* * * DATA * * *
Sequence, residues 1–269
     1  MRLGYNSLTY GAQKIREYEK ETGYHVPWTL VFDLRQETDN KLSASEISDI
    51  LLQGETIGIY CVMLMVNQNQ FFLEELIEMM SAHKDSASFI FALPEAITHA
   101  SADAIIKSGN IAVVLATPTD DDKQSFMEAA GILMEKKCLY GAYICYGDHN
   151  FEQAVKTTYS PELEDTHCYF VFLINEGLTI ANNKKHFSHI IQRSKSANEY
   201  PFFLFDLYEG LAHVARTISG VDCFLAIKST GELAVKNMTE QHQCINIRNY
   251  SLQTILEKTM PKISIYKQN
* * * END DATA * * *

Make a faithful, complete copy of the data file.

Sequence, residues 1–269
     1  MRLGYNSLTY GAQKIREYEK ETGYHVPWTL VFDLRQETDN KLSASEISDI
    51  LLQGETIGIY CVMLMVNQNQ FFLEELIEMM SAHKDSASFI FALPEAITHA
   101  SADAIIKSGN IAVVLATPTD DDKQSFMEAA GILMEKKCLY GAYICYGDHN
   151  FEQAVKTTYS PELEDTHCYF VFLINEGLTI ANNKKHFSHI IQRSKSANEY
   201  PFFLFDLYEG LAHVARTISG VDCFLAIKST GELAVKNMTE QHQCINIRNY
   251  SLQTILEKTM PKISIYKQN